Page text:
The monthly Interactive e Newsletter includes personalized home care recommendations, tips, and home improvement ideas based on the homeowner’s individual goals and priorities. They fill out a short questionnaire about their home and their goals. Then, the Home Wizards builds a personalized e Newsletter filled with helpful articles and videos geared to maintaining their specific home.
The Personal Home Manager makes it easier for individuals to take care of their homes with helpful tips and seasonal tasks customized just for them. Recommendations and articles are based on:
The type of home (single family, townhouse, high rise condo, duplex, or vacation cabin, etc.)
The type of heating and cooling systems
The homeowner’s personal goals like saving energy, lowering repair costs, maintaining home value—even allergy management and child proofing!
The homeowner’s personal knowledge level (to determine how basic or advanced the tips should be)
The homeowner’s priorities. Tasks and tips are prioritized on a scale of one to five stars. Those with the most stars have the highest benefits relative to their costs. Each reader chooses the priority of the tips they want to see.
Choose how to be notified about recommended tips and tasks. Home Wizard can send monthly alerts via email, or readers can use their own calendar app (Google calendar, Remember the Milk, Reminder Fox, etc.) to get their alerts.
There’s also a FREE Home Care Library at your fingertips! The constantly growing library includes scores of articles, how-to instructions, and frequently asked questions about everything from furnace systems and sump pumps to outdoor lighting and solar energy. Want to know when and where to look for signs of mice infiltration or how to keep leather furniture looking good? The Home Care Library has it covered.
All the personalized home care recommendations, appliance recall service, articles, and home care library can be accessed online using a computer browser or download our free Home Wizard app for access on mobile devices.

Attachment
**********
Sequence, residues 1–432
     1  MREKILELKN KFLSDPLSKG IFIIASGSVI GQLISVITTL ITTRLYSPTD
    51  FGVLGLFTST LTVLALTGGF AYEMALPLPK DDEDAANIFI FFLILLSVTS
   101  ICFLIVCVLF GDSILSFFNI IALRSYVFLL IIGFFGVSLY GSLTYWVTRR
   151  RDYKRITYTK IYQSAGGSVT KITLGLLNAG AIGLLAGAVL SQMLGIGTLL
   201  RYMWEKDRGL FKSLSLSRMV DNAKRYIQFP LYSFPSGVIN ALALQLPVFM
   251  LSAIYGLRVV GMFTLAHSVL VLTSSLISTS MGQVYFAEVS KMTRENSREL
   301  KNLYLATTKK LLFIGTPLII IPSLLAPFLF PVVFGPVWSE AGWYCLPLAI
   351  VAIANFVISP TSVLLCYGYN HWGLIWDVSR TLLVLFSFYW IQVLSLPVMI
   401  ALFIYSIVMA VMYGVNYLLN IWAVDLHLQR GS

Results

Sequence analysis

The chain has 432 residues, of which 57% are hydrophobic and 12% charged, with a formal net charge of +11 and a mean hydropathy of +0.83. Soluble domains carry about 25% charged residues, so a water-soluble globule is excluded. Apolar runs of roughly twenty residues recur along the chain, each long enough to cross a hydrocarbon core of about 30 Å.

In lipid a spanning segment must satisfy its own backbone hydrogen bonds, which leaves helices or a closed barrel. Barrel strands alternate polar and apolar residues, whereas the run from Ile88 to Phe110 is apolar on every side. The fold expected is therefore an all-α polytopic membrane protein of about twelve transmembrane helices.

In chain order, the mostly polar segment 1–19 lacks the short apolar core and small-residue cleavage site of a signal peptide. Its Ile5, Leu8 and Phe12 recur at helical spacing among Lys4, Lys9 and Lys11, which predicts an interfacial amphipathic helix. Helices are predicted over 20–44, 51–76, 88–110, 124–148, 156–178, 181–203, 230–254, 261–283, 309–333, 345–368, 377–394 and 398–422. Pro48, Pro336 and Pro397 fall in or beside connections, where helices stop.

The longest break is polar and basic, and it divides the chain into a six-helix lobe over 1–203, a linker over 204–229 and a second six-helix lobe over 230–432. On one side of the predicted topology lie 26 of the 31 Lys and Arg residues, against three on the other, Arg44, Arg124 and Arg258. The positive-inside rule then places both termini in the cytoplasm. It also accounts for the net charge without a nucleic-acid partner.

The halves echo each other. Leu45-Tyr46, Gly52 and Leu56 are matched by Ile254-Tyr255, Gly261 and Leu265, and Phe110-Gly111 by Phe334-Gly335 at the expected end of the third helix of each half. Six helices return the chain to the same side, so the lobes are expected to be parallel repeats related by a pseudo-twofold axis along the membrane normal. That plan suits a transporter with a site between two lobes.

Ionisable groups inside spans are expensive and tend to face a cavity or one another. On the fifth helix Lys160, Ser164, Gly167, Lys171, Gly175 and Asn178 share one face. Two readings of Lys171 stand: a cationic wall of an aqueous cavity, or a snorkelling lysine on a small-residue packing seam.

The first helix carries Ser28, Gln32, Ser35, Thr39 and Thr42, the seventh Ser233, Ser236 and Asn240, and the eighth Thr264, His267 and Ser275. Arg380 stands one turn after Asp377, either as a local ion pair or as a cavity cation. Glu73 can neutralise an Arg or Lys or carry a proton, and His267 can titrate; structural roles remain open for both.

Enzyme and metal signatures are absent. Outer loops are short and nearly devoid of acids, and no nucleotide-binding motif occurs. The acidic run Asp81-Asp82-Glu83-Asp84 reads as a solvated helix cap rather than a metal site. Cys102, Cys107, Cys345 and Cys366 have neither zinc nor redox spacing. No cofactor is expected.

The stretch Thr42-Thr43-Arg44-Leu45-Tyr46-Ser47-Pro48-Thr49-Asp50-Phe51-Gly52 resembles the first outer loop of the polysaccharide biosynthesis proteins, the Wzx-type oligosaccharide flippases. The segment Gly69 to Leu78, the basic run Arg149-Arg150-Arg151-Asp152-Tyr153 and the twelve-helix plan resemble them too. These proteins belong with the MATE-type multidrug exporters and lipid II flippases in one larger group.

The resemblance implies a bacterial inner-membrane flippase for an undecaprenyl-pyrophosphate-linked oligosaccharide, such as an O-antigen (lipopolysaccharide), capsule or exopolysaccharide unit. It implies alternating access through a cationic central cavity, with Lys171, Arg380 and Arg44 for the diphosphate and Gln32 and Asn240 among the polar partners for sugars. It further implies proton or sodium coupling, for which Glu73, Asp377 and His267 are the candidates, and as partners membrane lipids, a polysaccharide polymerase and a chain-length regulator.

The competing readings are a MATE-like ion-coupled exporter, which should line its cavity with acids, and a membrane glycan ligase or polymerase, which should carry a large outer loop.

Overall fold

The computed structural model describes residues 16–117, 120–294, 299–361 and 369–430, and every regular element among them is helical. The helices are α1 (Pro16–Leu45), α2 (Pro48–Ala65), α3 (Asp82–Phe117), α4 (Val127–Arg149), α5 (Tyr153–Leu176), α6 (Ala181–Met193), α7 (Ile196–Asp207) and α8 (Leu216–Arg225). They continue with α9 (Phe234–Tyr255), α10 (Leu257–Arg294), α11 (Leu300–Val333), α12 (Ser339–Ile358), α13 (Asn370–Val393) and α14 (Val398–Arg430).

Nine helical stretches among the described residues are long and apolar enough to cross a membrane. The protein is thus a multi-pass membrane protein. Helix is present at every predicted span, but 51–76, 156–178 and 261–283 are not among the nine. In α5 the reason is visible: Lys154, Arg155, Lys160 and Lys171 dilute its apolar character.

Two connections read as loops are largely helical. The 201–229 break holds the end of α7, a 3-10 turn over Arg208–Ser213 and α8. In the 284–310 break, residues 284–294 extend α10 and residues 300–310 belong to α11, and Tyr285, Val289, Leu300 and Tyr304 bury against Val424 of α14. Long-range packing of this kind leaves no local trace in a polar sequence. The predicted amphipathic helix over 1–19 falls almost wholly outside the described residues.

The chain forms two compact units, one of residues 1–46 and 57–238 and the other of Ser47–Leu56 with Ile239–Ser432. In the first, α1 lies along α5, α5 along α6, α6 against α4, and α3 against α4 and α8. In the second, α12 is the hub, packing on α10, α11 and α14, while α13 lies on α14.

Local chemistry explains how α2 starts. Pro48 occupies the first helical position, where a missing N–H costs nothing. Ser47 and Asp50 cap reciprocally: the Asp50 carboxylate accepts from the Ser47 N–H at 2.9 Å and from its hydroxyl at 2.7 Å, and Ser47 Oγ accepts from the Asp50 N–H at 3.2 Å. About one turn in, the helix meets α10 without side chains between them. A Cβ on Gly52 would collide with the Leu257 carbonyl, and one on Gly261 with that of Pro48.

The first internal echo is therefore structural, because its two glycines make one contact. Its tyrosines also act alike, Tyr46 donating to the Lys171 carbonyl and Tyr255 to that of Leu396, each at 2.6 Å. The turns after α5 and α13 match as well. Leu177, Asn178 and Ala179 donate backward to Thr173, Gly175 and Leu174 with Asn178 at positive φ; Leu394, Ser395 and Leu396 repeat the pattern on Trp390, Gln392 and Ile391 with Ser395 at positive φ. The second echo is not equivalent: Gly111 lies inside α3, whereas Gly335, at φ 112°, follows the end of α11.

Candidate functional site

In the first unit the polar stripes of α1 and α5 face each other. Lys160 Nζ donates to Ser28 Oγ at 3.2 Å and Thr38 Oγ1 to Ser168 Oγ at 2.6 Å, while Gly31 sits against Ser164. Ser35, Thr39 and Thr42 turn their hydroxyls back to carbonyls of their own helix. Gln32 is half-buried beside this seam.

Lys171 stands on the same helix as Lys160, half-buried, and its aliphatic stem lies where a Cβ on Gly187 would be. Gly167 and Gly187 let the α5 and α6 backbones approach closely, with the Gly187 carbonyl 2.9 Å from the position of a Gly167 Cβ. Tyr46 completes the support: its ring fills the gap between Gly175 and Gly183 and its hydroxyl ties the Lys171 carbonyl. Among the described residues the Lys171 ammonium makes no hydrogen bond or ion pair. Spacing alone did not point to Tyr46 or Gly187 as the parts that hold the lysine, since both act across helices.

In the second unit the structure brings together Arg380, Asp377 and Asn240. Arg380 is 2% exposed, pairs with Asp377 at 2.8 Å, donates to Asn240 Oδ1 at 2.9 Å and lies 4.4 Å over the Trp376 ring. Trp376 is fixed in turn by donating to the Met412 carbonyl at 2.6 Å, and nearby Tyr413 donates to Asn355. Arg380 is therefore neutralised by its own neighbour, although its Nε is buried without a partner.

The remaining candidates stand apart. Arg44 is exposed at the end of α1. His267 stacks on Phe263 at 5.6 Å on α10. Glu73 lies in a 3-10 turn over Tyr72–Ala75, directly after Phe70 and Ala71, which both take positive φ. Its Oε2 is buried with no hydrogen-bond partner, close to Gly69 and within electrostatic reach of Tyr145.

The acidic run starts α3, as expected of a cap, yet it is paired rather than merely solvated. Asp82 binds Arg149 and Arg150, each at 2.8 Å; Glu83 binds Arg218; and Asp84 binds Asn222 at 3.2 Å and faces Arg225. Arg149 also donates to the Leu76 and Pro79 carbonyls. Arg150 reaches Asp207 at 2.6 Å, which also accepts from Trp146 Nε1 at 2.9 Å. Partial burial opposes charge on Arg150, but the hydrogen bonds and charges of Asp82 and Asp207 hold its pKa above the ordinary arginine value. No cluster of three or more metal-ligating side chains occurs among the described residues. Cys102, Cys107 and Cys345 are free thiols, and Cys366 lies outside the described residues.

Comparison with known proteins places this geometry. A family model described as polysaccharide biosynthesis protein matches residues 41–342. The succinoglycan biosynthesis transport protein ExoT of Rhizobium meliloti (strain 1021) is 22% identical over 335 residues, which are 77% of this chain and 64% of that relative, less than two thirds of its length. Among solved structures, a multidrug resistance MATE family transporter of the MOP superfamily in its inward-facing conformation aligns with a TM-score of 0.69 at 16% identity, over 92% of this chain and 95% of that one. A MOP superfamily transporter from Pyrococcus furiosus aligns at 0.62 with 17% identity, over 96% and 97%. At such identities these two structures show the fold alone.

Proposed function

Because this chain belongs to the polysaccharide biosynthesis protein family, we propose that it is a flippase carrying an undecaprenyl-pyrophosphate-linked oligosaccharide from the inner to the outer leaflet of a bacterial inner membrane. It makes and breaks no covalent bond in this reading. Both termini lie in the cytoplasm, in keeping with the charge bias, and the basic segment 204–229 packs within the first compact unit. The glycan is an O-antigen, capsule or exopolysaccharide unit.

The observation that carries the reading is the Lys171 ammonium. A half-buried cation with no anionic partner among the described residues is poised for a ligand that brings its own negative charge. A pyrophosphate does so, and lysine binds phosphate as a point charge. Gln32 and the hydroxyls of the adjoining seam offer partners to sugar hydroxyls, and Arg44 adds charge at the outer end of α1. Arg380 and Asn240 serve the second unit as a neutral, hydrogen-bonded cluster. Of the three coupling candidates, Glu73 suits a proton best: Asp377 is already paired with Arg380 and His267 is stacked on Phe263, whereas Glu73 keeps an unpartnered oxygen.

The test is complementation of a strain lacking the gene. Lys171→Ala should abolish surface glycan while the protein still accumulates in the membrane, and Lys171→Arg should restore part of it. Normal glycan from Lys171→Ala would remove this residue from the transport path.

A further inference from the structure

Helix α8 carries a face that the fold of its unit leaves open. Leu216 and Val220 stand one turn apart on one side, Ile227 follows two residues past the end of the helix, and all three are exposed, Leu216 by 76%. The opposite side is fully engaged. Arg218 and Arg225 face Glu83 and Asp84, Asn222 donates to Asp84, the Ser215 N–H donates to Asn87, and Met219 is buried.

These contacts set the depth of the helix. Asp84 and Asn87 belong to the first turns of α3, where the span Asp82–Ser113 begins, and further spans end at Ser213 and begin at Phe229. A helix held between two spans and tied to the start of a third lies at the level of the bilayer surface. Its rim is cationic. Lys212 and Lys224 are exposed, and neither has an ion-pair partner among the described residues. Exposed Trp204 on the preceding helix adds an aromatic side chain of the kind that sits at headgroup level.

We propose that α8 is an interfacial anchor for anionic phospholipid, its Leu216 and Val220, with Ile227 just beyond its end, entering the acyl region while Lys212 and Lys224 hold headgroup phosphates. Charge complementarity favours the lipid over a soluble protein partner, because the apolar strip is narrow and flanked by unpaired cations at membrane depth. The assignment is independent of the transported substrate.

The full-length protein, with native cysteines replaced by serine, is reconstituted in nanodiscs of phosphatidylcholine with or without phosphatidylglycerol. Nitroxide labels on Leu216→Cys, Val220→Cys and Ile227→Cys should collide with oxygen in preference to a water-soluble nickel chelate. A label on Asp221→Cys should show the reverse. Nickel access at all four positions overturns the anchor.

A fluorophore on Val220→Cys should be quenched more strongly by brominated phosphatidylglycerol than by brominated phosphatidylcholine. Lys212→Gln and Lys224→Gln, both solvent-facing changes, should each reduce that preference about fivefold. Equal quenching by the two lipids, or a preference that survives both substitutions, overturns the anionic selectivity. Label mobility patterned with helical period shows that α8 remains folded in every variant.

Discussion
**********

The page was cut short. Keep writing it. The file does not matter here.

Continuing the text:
There’s a special value-added feature for realtors—when we send our interactive e Newsletters to clients you have referred to us, we send these e Newsletters co-branded with your name, email address, phone number, photo, company name, and company logo.
We’ll give you a Co-Branding Dashboard where you can customize your branding, preview the e Newsletters, add subscribers, and more! In addition to all the great home maintenance tips and ideas, you’ll also have access to specialized articles focused on helping you market and grow your real estate business.
We hope you and your clients find our Home Care Wizard useful, and that it makes it easier for you to take care of your home, your clients, and your business. This free service is our way of saying ‘thanks’ to our valued customers and to show you how much we value our relationship with you, their realtor. Thank you.
(HawleyHomeInspectionsLLC.com) As we begin to reopen our communities while still dealing with Covid-19 in our communities, we are again reviewing and revising our policies and procedures. We want to keep you up to date on changes in our practices aimed at protecting our clients, employees, realtors, sellers, and others involved in the home inspection process.
One significant change in our policy: we are again allowing buyers to attend inspections in vacant homes. (We are still asking buyers to refrain from attending home inspections in occupied homes.)
All buyers, whether in attendance or not, receive a full, written report, complete with pictures. When buyers and agents are not present during the inspection, our inspectors are arranging to go over their findings with them by phone and answer any questions they may have. (You can always call and get your home inspection questions answered. We’ve always been here for you and remain so.)
Other safety measures we’re still using include:
Protective gear: Our inspectors are wearing booties over their shoes and boots any time they are inside a home. They’re also donning protective gloves and masks when appropriate.
Frequent hand washing: Our inspectors are washing their hands when they enter a home and before leaving. If it’s not possible to do so, they are using hand sanitizer.
Keeping equipment sanitized: Our inspectors wipe down all their equipment with sanitizing wipes between inspections, so everything they bring into a home is clean.
Certified Covid-19 safety training: All our inspectors have completed the Covid-19 Safety Guidelines course through the InterNACHI School, a home inspector college accredited by the US Department of Education.
Maintaining social distancing: We are asking buyers who attend home inspections to maintain proper social distancing and to wear masks when indoors. We are asking buyers not to attend home inspections in occupied homes as a courtesy to the people living there. Anything we can do remotely and by phone helps to keep everyone safer.